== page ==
Newton residents taking part in the event include National Public Radio host Tom Ashbrook; Boston Globe film critic Ty Burr; novelist Anita Diamant; author William Landay; Mount Ida College president Barry Brown; sports nutritionist and author Nancy Clark; singer and songwriter Catie Curtis; Dr. Pierre d’Hemecourt, director of primary care sports medicine at Boston Children’s Hospital; Erin Delaney, producer of “Masterpiece” on WGBH-TV; astrophysicist Giovanni Fazio; entrepreneur Cynthia Fisher; NBC-TV Olympic researcher Andy Gluck; Jennifer Goldstein, senior conservation associate at the New England Aquarium; author Charles Pierce; and photographer and author Peter Vanderwarker.  

    Julie Sall, copresident of the Newton Schools Foundation, said the event is a way to give back to the community.

    “We feel so fortunate to have so many amazing people in Newton coming together for this very special evening,” she said.


    The event is free, but registration is recommended; sign up online at www.newtonschoolsfoundation.org.  

    FOCUS ON BULLYING: The Sudbury-Wayland-Lincoln Domestic Violence Roundtable will host three local speakers in “Bullying in Our Schools, Our Communities, and on Social Media and Our High Schools’ Response”  at 3 p.m. Tuesday in the Wayland Public Safety Building, 38 Cochituate Road.  

    Brockton resident Gia Barboza, assistant professor of African American studies at Northeastern University, researches bullying and aggressive behavior among youths. Watertown resident Allyson Mizoguchi, assistant principal at Wayland High School, and Reading resident Lori Hodin, a psychology teacher and coordinator of the Safe Schools Initiatives at Lincoln-Sudbury Regional High, will discuss school culture, antibullying initiatives, and responses by their schools to bullying incidents.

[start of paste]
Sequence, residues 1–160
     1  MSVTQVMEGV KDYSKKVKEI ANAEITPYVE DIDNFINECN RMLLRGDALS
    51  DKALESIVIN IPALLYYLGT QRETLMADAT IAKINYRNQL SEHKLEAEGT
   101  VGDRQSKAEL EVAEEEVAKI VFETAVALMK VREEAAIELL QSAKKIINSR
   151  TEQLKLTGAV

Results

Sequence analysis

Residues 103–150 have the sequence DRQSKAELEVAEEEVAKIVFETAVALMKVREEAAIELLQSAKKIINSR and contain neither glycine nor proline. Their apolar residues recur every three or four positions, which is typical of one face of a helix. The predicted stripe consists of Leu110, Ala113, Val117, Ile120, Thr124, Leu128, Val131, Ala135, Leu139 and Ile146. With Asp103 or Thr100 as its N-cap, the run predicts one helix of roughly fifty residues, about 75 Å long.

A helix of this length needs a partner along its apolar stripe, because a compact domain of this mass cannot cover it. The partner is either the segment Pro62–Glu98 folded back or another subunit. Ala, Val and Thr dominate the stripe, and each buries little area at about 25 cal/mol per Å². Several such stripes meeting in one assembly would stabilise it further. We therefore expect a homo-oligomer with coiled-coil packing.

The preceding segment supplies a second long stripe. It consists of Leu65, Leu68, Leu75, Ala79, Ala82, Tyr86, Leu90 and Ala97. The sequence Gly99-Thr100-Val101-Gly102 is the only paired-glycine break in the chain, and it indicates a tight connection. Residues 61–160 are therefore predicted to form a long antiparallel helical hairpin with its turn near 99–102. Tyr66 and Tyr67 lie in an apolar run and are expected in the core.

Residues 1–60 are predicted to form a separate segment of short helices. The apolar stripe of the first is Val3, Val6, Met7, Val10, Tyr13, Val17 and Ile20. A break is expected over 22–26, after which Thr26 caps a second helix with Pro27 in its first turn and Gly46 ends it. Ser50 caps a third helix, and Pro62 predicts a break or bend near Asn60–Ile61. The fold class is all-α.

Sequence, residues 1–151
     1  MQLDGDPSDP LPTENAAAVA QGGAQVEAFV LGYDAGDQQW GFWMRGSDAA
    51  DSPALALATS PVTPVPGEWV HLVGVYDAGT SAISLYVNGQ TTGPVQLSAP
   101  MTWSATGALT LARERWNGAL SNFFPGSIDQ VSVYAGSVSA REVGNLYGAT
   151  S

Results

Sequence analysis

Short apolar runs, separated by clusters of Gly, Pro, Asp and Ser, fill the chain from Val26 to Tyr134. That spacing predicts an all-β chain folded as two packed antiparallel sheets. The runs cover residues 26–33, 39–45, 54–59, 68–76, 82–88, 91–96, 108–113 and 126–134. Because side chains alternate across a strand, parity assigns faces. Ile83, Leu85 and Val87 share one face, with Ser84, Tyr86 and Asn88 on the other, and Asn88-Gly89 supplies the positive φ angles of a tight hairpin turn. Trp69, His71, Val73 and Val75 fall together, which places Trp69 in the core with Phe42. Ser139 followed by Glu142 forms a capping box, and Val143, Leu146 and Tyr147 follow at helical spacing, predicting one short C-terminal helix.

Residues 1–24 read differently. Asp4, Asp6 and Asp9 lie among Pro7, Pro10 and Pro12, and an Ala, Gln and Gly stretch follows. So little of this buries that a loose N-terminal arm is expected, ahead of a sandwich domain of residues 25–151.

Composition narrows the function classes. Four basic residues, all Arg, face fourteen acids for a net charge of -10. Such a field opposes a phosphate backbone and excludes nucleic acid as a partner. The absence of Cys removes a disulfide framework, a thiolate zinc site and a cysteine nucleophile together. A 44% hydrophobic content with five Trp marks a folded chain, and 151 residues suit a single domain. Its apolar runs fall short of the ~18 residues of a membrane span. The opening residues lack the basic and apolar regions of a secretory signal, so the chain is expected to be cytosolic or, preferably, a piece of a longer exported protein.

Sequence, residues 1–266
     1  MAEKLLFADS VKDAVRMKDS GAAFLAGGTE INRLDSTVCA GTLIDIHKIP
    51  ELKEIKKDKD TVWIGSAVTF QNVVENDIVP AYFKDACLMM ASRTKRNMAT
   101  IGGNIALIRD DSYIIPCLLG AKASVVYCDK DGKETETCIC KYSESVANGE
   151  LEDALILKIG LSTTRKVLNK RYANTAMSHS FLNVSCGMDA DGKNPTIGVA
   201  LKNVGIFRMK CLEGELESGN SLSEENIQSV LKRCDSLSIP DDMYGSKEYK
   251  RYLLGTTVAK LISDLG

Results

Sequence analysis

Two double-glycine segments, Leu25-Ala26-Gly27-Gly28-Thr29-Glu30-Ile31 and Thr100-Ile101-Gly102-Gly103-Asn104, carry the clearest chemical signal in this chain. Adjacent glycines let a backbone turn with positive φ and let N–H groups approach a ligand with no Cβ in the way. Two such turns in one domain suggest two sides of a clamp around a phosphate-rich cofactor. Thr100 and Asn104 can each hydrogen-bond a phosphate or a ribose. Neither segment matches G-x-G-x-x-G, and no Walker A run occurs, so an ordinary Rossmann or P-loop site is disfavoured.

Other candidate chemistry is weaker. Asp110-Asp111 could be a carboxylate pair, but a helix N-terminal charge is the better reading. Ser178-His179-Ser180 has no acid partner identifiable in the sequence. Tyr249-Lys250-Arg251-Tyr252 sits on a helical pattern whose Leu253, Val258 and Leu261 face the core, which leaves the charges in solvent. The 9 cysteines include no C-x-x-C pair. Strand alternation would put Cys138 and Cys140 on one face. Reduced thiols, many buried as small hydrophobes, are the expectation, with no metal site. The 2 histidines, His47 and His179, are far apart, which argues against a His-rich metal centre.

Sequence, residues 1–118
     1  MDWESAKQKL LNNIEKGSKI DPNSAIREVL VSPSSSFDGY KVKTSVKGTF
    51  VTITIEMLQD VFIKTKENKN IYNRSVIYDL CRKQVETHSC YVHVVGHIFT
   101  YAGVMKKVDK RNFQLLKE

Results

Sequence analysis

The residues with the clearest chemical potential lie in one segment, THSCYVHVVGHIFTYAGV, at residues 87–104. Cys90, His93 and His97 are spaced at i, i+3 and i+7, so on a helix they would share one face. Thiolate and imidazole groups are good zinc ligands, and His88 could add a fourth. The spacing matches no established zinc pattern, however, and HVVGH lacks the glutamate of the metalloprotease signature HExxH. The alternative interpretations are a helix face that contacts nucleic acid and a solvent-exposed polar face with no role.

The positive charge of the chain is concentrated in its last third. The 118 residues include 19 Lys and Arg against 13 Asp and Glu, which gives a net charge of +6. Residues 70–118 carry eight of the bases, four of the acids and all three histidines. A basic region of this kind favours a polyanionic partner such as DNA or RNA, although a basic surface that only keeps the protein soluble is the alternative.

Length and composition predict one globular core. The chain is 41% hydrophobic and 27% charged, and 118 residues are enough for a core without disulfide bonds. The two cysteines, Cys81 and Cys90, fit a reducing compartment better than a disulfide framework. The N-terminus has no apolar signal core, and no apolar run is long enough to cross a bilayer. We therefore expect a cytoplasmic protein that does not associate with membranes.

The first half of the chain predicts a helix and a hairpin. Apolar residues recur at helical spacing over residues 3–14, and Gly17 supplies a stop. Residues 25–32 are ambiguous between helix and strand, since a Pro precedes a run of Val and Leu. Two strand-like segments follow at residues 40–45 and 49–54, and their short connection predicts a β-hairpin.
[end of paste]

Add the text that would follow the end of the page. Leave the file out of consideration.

The free program will provide an opportunity for audience members to ask questions. For more information, visit www.domesticviolenceroundtable.org.  

    BOOK OF STEEL: In his new book, “Superman: The High-Flying History of America’s Most Enduring Hero,”  Lexington resident Larry Tye examines the Man of Steel from every angle, including the ways in which the character has evolved to reflect the country’s changing times, and the writers, artists, publishers, and performers who have kept him in the forefront of American pop culture for nearly 75 years.  

    On Thursday at 7:30 p.m., Tye will discuss his theory of Superman’s religion — which he believes to be Jewish — in “Supermensch,’’ a Jewish Book Fair event taking place at the Leventhal-Sidman Jewish Community Center, 333 Nahanton St. in Newton.

    Tye said entire books have been devoted to the subject, with people of just about every faith claiming Superman as one of their own. However, Tye cites “compelling evidence” to support his premise, including the superhero’s name.

    “Anybody whose name ends in ‘man’ is either a superhero, a Jew, or, in this case, both,” said Tye, a former Boston Globe reporter and Nieman fellow at Harvard University.  

    Tickets are $8, or $5 for JCC members; for details, visit www.bostonjcc.org.  

    STOCK EXPLANATION: Jim O’Shaughnessy (inset at right), chairman and chief executive officer of Stamford, Conn.- based O’Shaughnessy Asset Management, will be the featured speaker at a Walden Forum program at 7:30 p.m. Thursday in the First Parish in Wayland meetinghouse, 50 Cochituate Road.

    In his presentation “From Main Street to Wall Street,”  O’Shaughnessy will describe what to expect from the economy and the stock market over the next 10 years. The author of four books on investing, he was included in a 2009 series by Forbes.com on “Legendary Investors.”

    For more information about the Walden Forum series of free lectures, e-mail info@waldenforum.org  or visit www.waldenforum.org.


    People items may be submitted to Cindy Cantrell at cantrell@ globe.com.